‘The Boba Show’ presents the confection’s history from root to table

The Chinese American Museum pays respect to the culture surrounding boba


Willy Wang

“Studious Boba Girl” by Crisselle Mendiola, 2023.

On Feb. 10, the Chinese American Museum in downtown Los Angeles opened their newest exhibit, “The Boba Show: History, Diaspora, & a Third Space.” This installation explores the historic transformation from the cassava root to the beloved confection created in Taiwan before it returned to the Americas and exploded into mainstream culture.

Chinese American communities in LAs grew exponentially after the Immigration and Nationality Act of 1965. New arrivals to LA in the late ‘70s settled in suburban cities outside of Chinatown. The Chinese American population grew, eventually expanding into other parts of the San Gabriel Valley and to other cities throughout Southern California. When boba shops arrived in the U.S. during the late ‘90s, it was not surprising that the San Gabriel Valley became the epicenter of this new trend.

Michael Truong, executive director of the Chinese American Museum, echoed the importance of boba.

“This exhibit celebrates boba as a symbolic anchor for our community,” Truong said. “Getting boba provides a reason to gather with friends and family, connecting the diaspora with spaces of belonging. Boba is why and shops are where Asian Americans, Pacific Islanders and BIPOC communities have carved out spaces uniquely their own.”

In the ‘60s and ‘70s, encouraged by immigration laws, Taiwanese students and professionals began to migrate to the U.S. Many settled in the San Gabriel Valley where existing communities of Chinese Americans resided. As the diaspora grew, so too did the cities and suburbs where the Taiwanese settled.

The services, goods and community they left behind in Taiwan were transplanted to the U.S.

“The Roots of Boba” by Vivian Shih, 2023. (Willy Wang)

Unlike earlier Asian immigrants, Taiwanese migration was a transnational process back and forth across the Pacific Ocean. While Taiwanese in America settled into California communities, innovations happening in Taiwanese tea houses also landed on the shores of the West Coast. By the ‘80s and ‘90s, boba milk tea shops grew to satisfy those cravings for a taste of home.

Cassava, a root crop native to the soils of the Americas, was introduced to Africa in the middle of the 1500s by Portuguese traders and colonists. It made its way to Asia by the late 1700s and early 1800s during the centuries marked by colonization and slavery. Everywhere cassava has traveled, it has been indigenized. When it arrived in Southeast Asia, the pulp of the cassava root was turned into tapioca starch.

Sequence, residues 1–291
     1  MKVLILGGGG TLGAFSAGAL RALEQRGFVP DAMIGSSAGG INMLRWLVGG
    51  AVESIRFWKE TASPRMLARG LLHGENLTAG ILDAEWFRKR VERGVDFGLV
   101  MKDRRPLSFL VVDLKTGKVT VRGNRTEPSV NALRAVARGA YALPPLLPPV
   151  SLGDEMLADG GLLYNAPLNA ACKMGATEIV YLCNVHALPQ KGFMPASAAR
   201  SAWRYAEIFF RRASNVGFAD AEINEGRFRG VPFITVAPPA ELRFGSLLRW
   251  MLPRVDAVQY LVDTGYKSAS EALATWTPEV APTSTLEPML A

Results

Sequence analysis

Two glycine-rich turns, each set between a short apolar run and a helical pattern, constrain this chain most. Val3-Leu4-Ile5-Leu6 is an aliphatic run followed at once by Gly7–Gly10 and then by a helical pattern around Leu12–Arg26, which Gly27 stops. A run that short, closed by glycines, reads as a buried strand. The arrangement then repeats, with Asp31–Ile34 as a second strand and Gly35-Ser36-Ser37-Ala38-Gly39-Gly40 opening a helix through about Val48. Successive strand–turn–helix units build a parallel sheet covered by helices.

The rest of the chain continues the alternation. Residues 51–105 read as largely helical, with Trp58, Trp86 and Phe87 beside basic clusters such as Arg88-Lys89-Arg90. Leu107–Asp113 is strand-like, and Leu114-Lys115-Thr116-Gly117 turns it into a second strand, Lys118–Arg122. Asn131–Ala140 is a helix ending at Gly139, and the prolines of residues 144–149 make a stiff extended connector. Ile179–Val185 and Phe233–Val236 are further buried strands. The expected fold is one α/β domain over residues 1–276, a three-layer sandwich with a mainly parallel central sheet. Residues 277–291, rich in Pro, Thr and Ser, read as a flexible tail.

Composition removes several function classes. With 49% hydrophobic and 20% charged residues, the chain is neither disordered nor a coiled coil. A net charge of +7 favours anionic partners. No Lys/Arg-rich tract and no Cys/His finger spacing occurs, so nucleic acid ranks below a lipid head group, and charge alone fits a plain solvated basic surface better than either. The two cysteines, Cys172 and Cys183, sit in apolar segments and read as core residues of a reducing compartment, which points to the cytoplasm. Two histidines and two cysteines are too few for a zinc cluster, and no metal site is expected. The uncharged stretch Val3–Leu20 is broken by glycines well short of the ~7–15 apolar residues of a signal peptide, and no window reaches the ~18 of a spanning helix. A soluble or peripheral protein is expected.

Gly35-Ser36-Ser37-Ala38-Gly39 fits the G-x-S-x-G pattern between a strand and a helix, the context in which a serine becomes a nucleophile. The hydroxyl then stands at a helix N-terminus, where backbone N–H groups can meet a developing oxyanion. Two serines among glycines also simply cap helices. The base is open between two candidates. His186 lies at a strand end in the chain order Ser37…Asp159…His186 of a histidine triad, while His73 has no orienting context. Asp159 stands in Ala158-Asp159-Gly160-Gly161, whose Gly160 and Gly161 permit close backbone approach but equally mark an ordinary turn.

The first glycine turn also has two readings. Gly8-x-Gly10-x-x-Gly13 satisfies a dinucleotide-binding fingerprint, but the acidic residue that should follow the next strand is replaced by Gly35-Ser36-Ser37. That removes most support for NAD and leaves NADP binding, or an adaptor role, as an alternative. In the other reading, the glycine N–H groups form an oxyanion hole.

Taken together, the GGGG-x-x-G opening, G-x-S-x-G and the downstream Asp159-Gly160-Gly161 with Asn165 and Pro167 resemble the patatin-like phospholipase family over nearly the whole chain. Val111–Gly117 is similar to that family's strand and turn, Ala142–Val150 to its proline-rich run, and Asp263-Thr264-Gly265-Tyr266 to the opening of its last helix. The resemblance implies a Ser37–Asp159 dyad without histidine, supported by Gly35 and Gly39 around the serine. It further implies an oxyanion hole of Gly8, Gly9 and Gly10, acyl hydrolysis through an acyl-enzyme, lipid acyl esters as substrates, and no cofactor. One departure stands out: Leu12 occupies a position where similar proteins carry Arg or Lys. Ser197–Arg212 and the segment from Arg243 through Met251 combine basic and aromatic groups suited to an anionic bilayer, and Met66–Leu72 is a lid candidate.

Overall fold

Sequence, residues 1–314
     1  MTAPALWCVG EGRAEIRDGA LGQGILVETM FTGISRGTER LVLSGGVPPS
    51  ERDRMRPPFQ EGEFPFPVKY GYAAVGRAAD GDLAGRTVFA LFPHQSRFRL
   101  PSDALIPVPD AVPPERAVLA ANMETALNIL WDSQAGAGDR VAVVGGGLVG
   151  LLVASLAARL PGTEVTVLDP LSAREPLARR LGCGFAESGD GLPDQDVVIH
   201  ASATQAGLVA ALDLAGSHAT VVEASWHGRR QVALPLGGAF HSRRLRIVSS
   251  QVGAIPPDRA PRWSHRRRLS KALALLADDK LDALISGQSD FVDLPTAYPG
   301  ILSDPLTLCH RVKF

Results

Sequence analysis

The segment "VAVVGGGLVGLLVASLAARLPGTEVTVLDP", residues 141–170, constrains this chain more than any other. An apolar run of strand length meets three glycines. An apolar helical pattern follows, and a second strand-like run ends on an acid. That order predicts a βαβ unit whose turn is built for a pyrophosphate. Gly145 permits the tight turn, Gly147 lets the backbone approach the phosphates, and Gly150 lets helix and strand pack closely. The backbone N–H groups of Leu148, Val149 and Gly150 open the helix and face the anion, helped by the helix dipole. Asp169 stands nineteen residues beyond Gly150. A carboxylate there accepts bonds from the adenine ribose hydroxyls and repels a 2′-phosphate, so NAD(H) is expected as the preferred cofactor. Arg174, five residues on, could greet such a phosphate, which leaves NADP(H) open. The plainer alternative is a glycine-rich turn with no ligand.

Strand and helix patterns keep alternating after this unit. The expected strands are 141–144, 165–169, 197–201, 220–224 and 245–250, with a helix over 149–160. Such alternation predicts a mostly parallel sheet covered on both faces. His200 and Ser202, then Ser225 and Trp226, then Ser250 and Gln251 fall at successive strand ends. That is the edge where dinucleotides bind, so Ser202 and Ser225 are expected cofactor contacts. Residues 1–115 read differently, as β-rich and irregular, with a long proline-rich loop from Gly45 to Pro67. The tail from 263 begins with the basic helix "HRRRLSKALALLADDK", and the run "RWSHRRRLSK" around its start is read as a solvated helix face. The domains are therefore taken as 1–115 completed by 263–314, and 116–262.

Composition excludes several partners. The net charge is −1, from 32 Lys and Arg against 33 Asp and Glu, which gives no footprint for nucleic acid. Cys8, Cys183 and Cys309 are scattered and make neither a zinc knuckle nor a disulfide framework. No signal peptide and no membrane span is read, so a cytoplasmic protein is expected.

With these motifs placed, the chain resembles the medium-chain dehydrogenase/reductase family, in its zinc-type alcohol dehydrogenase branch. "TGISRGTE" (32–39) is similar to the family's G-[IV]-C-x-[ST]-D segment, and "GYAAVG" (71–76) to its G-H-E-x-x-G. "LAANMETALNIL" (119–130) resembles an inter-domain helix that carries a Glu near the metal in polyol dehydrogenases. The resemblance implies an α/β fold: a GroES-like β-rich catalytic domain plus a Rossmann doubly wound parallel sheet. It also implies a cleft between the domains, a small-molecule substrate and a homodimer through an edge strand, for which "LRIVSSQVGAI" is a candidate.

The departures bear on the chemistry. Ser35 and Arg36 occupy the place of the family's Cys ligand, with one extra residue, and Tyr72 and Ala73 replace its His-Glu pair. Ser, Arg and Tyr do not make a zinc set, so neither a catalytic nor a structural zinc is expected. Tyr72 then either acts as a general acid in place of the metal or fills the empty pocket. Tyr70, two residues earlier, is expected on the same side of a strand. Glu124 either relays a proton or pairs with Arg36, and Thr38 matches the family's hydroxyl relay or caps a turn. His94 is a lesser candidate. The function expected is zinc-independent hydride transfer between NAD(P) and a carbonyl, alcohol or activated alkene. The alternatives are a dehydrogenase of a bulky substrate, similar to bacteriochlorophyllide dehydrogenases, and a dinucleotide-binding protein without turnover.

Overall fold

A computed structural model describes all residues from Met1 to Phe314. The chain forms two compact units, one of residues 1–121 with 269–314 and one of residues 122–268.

In Taiwan, tapioca starch was processed into tiny pearls, known as boba, adding bursts of sweetness and texture to milk teas and returned to America, not as an essential food product, but as a symbol of the community which it hoped to represent.

Highlights of the exhibit showcases artists from Southern California and the artwork they created, in correlation with their personal affection for boba. Visitors are also able to read where each artist pulled their inspiration, whether it be from childhood memories or family experiences. Vivian Shih and Ellie Chen are two of the featured artists, contributing intimate and insightful pieces of art which delve deeper into their heart and mind.

“Decades of Boba” by Ellie Chen, 2023. (Willy Wang)

Shih, a Taiwanese American illustrator and tattoo artist who was raised in California, shared her memories of the impact boba milk tea had on her childhood.

“Growing up in Ventura County, California, my family took monthly trips into the San Gabriel Valley to visit 99 Ranch Market and during each visit, my parents treated my sister and I to our favorite drink – the classic boba milk tea,” Shih said. “To me, boba symbolizes nostalgia, home, family and my culture. Boba reminds me of my Taiwanese roots and how every Asian American’s history is unique, special, traveled and complex.”

Modern day milk tea-cup lid sealing machine. (Willy Wang)

Chen, a graphic designer who currently resides in Orange County, California, is constantly reminded about how boba helped her through school.
“I remember late nights, studying and completing art projects while frequently visiting boba shops around my university,” Chen said. “Between going to school full-time and working full-time, life was sometimes overwhelming. At least I had boba.”

This boba exhibit will be on display until Jan. 7, 2024, at the Chinese American Museum in LA. Their operating hours are Friday, Saturday and Sunday from 10 a.m. to 3 p.m. Call (213) 485-8567 or visit their website for more information.